She called the article “selective and biased” and said that if it was sent for a review, it would either ask for it to be rejected by the magazine, or make major revisions.
Regarding drought, the article refers to the 2013 IPCC Fifth Assessment Report which stated that “conclusions regarding increasing global drought trends since the 1970s are no longer supported”.
But the latest round of UN assessments said the studies found “increasing trends in agricultural and environmental droughts on all continents” and some regions had seen a rise in hydrological droughts.
That report – compiled by more than 60 scientists – said there was “high confidence” that simultaneous heat waves and droughts had been occurring more often over the past century “on a global scale due to human influence”.
Professor Steve Sherwood, a climate scientist at the University of New South Wales, said the article only looked at a few studies.
“Last year’s IPCC report, for example, reviewed more than 60 studies on tropical cyclones, while this new paper cites only five studies – one of which is itself a review paper,” he said.
Regarding cyclones, the Intergovernmental Panel on Climate Change concluded that tropical cyclones are likely to be becoming more extreme. A recent study, not covered in the article, said there was a clear rise in the number of stronger and more destructive tornadoes.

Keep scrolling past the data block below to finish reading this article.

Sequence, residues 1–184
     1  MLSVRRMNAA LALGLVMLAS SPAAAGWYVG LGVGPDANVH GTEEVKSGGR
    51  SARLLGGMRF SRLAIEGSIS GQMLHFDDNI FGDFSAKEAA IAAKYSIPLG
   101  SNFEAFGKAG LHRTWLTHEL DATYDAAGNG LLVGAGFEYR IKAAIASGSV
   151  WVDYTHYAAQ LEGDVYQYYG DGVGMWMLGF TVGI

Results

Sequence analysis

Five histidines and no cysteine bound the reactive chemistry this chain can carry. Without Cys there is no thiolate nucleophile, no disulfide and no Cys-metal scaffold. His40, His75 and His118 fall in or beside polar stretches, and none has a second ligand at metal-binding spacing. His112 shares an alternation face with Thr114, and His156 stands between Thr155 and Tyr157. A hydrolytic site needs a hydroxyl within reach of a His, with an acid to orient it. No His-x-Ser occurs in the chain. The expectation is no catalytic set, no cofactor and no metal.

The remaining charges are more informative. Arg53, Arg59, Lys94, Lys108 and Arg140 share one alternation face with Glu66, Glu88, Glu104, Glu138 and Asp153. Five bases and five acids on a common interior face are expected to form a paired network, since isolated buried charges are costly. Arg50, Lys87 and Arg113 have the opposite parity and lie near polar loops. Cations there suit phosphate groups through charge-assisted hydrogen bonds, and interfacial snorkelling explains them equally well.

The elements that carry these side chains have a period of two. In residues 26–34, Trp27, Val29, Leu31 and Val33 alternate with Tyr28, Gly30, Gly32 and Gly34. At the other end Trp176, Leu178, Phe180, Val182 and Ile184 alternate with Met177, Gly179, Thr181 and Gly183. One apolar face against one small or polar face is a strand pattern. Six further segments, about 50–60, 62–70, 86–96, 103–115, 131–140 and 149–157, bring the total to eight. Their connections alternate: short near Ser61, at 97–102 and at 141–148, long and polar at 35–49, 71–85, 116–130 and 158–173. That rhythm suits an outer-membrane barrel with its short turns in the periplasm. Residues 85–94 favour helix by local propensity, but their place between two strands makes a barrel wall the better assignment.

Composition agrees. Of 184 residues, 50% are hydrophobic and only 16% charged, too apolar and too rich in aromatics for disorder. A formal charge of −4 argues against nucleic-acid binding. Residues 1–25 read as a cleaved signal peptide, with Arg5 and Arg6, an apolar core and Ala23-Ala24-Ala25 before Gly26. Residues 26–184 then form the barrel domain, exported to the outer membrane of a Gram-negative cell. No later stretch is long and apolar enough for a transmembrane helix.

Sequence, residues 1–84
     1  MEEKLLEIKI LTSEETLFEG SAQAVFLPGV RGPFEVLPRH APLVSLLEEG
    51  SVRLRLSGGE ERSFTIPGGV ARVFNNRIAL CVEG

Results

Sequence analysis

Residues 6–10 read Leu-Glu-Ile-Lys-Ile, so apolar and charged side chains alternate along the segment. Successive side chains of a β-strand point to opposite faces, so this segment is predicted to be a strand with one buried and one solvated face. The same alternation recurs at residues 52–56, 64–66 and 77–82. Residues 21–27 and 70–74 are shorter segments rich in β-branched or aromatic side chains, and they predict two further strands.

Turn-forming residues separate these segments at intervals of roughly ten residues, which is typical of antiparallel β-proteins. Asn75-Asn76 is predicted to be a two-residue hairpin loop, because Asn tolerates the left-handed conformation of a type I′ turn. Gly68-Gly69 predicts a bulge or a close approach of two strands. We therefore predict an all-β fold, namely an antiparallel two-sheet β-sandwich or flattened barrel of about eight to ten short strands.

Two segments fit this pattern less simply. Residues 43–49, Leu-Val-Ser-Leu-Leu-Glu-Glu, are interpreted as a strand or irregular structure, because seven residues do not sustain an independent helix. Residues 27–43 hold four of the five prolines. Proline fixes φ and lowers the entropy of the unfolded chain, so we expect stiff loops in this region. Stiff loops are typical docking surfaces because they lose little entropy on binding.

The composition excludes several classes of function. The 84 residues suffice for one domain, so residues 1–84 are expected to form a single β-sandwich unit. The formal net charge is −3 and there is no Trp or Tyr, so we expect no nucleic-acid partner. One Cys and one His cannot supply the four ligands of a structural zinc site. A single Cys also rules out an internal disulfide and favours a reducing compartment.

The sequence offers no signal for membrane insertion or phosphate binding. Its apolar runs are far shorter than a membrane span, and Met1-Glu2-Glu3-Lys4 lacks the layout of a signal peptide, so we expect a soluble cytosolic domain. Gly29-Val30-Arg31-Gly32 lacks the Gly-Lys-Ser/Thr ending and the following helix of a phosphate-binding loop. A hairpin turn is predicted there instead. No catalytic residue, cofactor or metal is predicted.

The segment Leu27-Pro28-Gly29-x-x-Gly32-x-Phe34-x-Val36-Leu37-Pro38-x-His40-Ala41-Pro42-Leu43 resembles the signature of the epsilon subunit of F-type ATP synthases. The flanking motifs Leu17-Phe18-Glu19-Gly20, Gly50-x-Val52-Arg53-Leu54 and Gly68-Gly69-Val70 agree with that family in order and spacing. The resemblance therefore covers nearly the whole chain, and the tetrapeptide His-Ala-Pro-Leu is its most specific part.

A spokesperson for the magazine said the article had been peer-reviewed.
Not climate deniers
In Sky News Australia, Lloyd told Chris Kenny that the article was “an interesting study that appeared in an international journal this month”.
Meaning that all journals are international, this part is true. But the article appeared in January.
In another Sky segment, presenter Chris Smith said: “These authors are not climate deniers, in fact they are saying we should prepare for a possible increase in disasters and not saying that no action should be taken on climate change. They are not deniers.”
But three of the article’s four authors have previously shown they are skeptical about the science of human-caused climate change.
Renato Ricci, a long-retired nuclear physicist, and Franco Prodi, a known climate science skeptic, signed a declaration earlier this year that there was no climate emergency.
This announcement claimed that “enriching the atmosphere with carbon dioxide is beneficial,” net-zero policies were “harmful and unrealistic” and that the planet was naturally warming.
Among the ambassadors for this declaration were Lord Christopher Monckton, who claimed that global warming was a hoax, and Professor Ian Plimer, who rejected the evidence that carbon dioxide was causing warming.
The article’s lead author, nuclear physicist Professor Gianluca Alimonte, argued in 2014 that there is no consensus among climate scientists that human activities are causing the warming.
Professor Michael Mann, a climate scientist at the University of Pennsylvania, told Temperature Check that the article in the journal is “another example of scientists from completely unrelated fields coming in and naively applying inappropriate methods to data they don’t understand.”
“Either the consensus of the world’s climate experts that climate change is causing a very visible increase in many types of extreme weather events is wrong, or two nuclear physicists in Italy are wrong.”